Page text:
Carried on from part one...
Read enough cinnamon roll recipe reviews, and the mixed results of the reviewers, you will soon understand there is more involved than most recipes cover. I've tried to fill in those holes for you in part one and part two.
1/4 cup water (110 degrees)
Healthy pinch of sugar
1 tablespoon dry active yeast
1/2 teaspoon kosher salt
1/2 cup unsalted butter
1/2 cup sugar
1 cup buttermilk
1 teaspoon vanilla extract
5 cups bread flour
1 cup butter
1 cup brown sugar
4 tablespoons ground cinnamon
1 cup raisins
4 ounces cream cheese, softened
1/2 cup butter, softened
1 teaspoon vanilla extract
1/4 teaspoon lemon extract
2 cups powdered sugar
1/4 cup whole milk
To a 2 cup measure, add the 1/4 cup of 110 degree water, pinch of sugar and the yeast, and whisk. If the yeast does not become frothy and active within a few minutes, it's dead, or your water wasn't the correct temperature, and you will need to start again. If it begins to foam, proceed.
In a small saucepan, combine kosher salt and butter, and heat over medium until butter melts. Remove from heat, and set aside.
To the bowl of your stand mixer, fitted with the whisk, add the eggs and sugar, and whisk on speed 6 until smooth and creamy. Reduce speed to 2, and add the buttermilk and vanilla. While mixing, add the melted butter and and proofed yeast, and mix until your liquids are smooth and well combined, about a minute.
Switch to your dough hook, attach your mixer shield, and one cup at a time, add your flour, and continue mixing until well combined. Your dough should remain extremely tacky, and stick slightly to the bottom of your bowl as the mixer works.
After the dough comes together, allow it to mix (knead) for 3-4 minutes on speed two.
Remove mixer bowl from stand, place in your proofing box, and let rise until nearly doubled. At my elevation and humidity level, this takes about an hour, but this is an extremely variable process, and it may take more or less time in your own kitchen.
When dough has risen as directed, remove from your proofing box, turn out onto a lightly floured, smooth surface, sprinkle with flour, cover with plastic, and let rest.
While dough is resting, prepare the filling:
In a small saucepan, melt the butter. Remove from heat, and allow to cool to lukewarm. When cooled, add brown sugar and cinnamon, and whisk to combine. Set aside.
Return to your dough, and proceed to roll it into a 24" x 15" rectangle, stretching slightly as you roll to achieve your rectangle. If the dough is too elastic, let it rest a few more minutes. It should not spring back excessively as you roll it.
The filling should have started to set up just slightly. If not, allow it more time to do so. If it has set too much, you can warm it for a few seconds in the microwave to soften it slightly, but you do not want it runny. It should be fairly thick.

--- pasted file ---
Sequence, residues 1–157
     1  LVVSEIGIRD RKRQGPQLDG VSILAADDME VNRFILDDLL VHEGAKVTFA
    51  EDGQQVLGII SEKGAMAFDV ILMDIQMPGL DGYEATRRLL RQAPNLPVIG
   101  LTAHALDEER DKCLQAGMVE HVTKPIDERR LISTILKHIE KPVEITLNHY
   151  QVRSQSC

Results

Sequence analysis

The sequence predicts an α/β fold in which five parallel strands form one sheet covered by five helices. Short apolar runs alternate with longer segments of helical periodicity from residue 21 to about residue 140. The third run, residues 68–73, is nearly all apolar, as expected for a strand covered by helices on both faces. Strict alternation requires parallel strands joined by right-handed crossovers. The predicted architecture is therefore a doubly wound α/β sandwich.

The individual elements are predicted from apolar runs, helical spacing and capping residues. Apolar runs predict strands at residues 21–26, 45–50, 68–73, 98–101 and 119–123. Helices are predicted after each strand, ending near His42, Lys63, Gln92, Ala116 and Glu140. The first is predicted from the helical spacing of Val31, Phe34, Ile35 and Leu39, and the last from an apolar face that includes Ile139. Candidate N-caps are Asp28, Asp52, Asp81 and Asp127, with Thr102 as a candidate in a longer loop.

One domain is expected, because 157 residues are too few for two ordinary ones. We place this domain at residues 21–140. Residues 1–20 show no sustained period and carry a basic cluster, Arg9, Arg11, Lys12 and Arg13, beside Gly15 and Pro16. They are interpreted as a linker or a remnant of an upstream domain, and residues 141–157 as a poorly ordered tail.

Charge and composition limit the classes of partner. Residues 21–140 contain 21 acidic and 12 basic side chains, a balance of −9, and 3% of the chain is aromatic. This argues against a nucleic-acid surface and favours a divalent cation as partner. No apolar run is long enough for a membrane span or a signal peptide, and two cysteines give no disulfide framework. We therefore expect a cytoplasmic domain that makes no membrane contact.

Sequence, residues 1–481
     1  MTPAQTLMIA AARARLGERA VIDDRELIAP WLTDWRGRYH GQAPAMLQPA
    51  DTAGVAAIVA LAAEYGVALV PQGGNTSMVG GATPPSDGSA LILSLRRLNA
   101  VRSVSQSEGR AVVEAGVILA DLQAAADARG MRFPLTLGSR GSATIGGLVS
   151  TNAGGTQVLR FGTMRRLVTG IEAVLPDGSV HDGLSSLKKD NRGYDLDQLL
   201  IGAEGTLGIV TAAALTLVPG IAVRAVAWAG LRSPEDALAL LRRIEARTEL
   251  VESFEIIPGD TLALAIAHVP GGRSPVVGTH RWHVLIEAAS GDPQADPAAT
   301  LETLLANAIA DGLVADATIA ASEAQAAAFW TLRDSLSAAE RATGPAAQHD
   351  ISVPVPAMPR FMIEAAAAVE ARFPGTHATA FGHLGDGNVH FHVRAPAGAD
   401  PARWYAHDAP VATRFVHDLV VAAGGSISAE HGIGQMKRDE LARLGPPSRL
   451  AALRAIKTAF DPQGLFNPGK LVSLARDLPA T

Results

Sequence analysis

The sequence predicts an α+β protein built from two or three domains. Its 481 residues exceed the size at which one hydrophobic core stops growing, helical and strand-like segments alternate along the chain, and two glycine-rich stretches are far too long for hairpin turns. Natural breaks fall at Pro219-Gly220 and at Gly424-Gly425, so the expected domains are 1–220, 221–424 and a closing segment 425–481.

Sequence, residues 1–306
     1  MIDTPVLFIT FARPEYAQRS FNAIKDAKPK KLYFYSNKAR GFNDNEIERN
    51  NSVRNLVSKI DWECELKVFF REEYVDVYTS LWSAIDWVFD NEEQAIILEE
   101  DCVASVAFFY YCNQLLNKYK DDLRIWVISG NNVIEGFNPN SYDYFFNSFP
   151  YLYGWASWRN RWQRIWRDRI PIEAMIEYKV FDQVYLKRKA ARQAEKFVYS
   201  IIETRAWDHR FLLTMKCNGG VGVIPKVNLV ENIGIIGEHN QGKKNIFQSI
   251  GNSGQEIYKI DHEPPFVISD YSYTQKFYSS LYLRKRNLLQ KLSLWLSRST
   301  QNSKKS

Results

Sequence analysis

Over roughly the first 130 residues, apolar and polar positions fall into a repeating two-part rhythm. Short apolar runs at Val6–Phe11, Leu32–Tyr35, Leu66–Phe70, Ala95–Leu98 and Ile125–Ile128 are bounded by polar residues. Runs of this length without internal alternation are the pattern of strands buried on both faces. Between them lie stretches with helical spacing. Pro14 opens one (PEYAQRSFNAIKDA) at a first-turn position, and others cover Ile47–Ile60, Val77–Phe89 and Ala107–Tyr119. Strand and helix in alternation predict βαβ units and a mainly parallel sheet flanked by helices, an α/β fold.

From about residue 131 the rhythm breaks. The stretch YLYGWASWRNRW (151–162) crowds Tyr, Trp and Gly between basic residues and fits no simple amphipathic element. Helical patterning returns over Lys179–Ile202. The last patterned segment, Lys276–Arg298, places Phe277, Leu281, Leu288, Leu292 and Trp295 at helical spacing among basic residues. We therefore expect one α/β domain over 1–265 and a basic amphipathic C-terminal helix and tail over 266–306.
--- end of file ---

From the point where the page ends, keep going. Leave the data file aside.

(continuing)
With a pastry brush working quickly, spread the filling over your dough leaving a 1" margin on the long side furthest from you.
Sprinkle the filling with raisins.
With the long edge of the rectangle closest to you, begin rolling your dough. Do not roll too tightly. When you get to the end, moisten the furthest edge (where you left the 1" margin) with water, and finish rolling, lightly pressing to achieve a seal where the dough was moistened.
You can gently re-shape the ends, if they rolled unevely.
With a sharp knife, score the rolled dough every 2".
Take a length of dental floss, and slide it under your roll, where the first score mark is, and bring the ends up and over, tightening to cleanly slice your cinnamon rolls.
At this point, you have a 'fresh or frozen' decision to make. If you wish to eat them fresh, proceed. If you wish to freeze them, lay them out, cut side down, on a parchment paper lined baking sheet, cover well (but not tightly) with plastic wrap, and set in your freezer for 4-5 hours. Transfer to a gallon sized resealable bag, and store in the freezer (up to a month) until ready to bake.
Generously butter a 9" x 12" baking dish.
Preheat oven to 350 degrees.
Place the rolls into your prepared baking dish, set in your proofing box, and allow to rise until nearly doubled in size. In my climate, this is anywhere from 40-60 minutes.
While rolls are rising, prepare your frosting:
In a small bowl, combine cream cheese, butter and extracts, and mix until smooth. Add powdered sugar, 1/2 cup at a time, and mix after each addition until smooth. Add milk, and mix until smooth, and slightly runny. If frosting isn't slightly runny, add more milk, 1 tablespoon at a time, until the correct consistency is achieved. Cover frosting, and set aside.
When rolls are risen, cover with aluminum foil, and place into the pre-heated oven. Bake rolls, covered, for 10 minutes. Remove foil, and continue baking the rolls an additional 12-18 minutes, or until golden brown. Remove from oven, and allow to cool for 5 minutes.
Pour frosting over rolls, and serve.
A final note in closing: if you do not achieve an extremely light, 'melt in your mouth' dough, and subtle sweet, cinnamon flavor with your rolls, you have done something wrong, and I encourage you to go back and re-read part one again. If you follow my detailed instructions, you should end up with the perfect cinnamon roll...or at least my own idea of the perfect cinnamon roll.
The development of this recipe was a labor of love, in honor of my grandmother. I hope it brings some joy to your own friends and family. Enjoy.